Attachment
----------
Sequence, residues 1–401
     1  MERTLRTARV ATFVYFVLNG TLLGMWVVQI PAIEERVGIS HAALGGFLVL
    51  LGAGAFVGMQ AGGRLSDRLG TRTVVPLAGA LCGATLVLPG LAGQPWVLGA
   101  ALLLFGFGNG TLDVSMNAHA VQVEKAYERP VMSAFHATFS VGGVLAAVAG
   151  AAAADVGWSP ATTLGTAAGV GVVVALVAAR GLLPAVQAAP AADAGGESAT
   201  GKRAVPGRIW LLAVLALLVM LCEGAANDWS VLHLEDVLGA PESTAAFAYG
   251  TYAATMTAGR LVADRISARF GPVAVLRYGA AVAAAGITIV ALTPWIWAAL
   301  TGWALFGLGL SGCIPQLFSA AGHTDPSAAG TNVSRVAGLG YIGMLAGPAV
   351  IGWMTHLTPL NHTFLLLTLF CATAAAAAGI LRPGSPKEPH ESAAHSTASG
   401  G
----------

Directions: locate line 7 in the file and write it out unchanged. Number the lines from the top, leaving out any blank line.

   251  TYAATMTAGR LVADRISARF GPVAVLRYGA AVAAAGITIV ALTPWIWAAL